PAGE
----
Clearly, storage of such information in an unencrypted format by default on every iPhone in the world could be a potential privacy issue, but it’s not like this information hasn’t been collected before. Google, Foursquare, Facebook and Twitter all collect information on the whereabouts of it’s users whenever they can. These companies gain access to the more accurate information as they have access to the device’s built-in GPS. Each time you check in on foursquare, tag yourself in a Facebook place, or geotag your tweets you are explicitly opting in to these information collection services.

What’s different this time is that now the end user has the ability to actually view the information that is being collected about their location by their mobile devices.

This one of the first times that this information has been so readily accessible. Over 100 Million iPhones have been sold, making this one of the most widely and publicly available geolocation datasets. Unfortunately, this information is fragmented across tens of millions of computer in the form of iPhone’s backup files.

Various open source applications are appearing that allow users to visualise their movements based on the contents of the iPhone tracking file. Form example, an OSX application released by Alasdair Allan and Pete Warden, and a Java applicationn that outputs the waypints in .kml format ready for viewing in Google Earth.

I can say from my own experience that reviewing the location information from my own phone was a thought provoking exercise. I started wondering who collects information about my location. I’ve already mentioned Twitter, Foursquare, Facebook etc. but there’s many more less obvious examples of tracking going on.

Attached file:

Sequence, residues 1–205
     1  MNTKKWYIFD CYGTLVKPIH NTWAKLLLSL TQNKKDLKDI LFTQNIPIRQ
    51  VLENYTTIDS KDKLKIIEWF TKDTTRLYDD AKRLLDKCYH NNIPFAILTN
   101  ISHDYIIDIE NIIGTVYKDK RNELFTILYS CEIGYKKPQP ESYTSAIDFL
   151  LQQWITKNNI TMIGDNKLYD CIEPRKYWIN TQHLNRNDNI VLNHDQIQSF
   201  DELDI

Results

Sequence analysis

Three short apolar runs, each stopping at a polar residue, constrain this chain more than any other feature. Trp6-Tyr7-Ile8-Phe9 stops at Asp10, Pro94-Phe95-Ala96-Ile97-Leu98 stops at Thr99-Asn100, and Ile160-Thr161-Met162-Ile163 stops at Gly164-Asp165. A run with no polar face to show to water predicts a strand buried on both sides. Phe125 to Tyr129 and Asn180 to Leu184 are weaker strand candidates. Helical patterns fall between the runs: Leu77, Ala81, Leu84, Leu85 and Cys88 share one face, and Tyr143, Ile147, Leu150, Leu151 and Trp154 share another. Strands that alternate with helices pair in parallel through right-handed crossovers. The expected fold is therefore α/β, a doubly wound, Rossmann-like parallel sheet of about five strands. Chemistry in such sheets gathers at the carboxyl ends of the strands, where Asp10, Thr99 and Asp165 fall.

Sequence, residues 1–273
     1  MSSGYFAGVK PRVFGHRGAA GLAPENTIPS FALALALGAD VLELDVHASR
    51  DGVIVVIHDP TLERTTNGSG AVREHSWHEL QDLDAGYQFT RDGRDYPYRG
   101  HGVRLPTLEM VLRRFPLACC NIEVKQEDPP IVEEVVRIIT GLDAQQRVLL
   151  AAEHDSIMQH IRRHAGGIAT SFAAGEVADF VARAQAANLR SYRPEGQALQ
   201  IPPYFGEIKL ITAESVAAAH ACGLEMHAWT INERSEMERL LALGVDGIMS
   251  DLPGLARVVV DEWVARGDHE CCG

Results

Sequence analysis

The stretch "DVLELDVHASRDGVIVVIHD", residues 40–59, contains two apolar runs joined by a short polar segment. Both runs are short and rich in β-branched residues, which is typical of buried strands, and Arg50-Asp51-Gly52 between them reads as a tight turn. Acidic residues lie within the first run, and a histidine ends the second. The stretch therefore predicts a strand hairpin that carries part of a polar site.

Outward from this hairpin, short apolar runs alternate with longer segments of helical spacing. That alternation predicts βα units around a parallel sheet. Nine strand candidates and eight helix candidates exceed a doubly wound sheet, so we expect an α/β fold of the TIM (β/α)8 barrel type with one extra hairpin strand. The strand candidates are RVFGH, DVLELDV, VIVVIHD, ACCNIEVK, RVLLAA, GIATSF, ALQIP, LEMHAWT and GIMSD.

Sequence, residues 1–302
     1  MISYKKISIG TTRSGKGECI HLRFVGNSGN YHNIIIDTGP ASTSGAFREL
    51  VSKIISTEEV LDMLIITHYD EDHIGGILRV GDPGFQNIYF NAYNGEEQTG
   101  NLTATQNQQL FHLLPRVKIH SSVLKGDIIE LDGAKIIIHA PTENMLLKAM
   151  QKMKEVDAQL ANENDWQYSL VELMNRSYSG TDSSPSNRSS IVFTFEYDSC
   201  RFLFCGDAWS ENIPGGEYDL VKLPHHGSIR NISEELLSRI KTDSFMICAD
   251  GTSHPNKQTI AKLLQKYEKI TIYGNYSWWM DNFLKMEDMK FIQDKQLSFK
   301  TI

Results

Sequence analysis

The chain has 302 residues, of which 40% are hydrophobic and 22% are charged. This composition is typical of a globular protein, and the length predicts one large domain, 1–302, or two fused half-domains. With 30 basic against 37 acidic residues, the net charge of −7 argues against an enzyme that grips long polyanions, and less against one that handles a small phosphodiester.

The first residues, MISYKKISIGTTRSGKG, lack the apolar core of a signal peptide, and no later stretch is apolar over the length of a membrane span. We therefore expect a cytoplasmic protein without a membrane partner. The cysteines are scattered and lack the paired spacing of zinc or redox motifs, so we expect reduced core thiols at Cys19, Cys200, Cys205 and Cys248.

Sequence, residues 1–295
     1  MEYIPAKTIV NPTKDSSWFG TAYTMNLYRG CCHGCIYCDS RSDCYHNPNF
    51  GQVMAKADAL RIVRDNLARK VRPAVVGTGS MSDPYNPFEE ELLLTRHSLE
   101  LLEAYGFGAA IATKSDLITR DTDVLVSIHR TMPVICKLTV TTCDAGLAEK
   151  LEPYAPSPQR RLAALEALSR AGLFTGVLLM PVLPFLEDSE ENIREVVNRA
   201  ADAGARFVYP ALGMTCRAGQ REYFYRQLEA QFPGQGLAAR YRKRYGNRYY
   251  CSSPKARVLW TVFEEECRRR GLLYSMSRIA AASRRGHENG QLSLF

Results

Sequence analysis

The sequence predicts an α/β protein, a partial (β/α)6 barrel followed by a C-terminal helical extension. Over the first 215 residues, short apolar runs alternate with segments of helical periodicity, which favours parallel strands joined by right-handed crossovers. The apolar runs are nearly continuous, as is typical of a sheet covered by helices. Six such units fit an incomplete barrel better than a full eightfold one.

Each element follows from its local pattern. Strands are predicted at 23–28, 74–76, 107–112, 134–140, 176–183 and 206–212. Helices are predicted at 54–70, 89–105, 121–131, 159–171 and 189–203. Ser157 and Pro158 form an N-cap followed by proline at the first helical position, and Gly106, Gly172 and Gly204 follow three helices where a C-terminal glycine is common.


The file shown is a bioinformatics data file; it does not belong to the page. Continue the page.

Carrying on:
The geolocation information has been derived from the location of nearby cell towers. Information of this nature is collected by mobile providers so they know which cell tower to route the current call through. The Latitude and Longitude seems to be accurate to within a few kilometers at worst.

My current mobile carrier, Optus, would have a wealth of information about my whereabouts at any point in time. The data they have would be almost exactly the same as the information I extracted from the iPhone database.

Mobile carriers collect this information routinely

We can’t stop the mobile carriers from collecting this information because they need it for the the robust and efficient operation of their network. What we should be doing however is questioning is what their policy with respect to this information once they collect it.

For example:

  • Exactly what information is collected and retained
  • How long will they retain this information.
  • What is the carriers policy on giving up this information to third parties (Advertisiers, partner companies, law enforcement).

The location of a users phone at a particular time location is routinely used in criminal cases. This is how former Justice Einfeld was convicted of lying under oath in early 2009. Police then used mobile phone records to trace Einfeld as he drove south over the Spit Bridge.

If the mobile phone companies are willing to give up this data for case involving a speeding fine, then they are very likely to be willing to divulge the same information to authorities under more serious circumstances.

I’m hoping this post raises awareness of the fact that location information can be, and is being collected from every mobile phone user. Perhaps in the near future it will be routine to ask more about your mobile carrier’s privacy and data retention policies when choosing a network.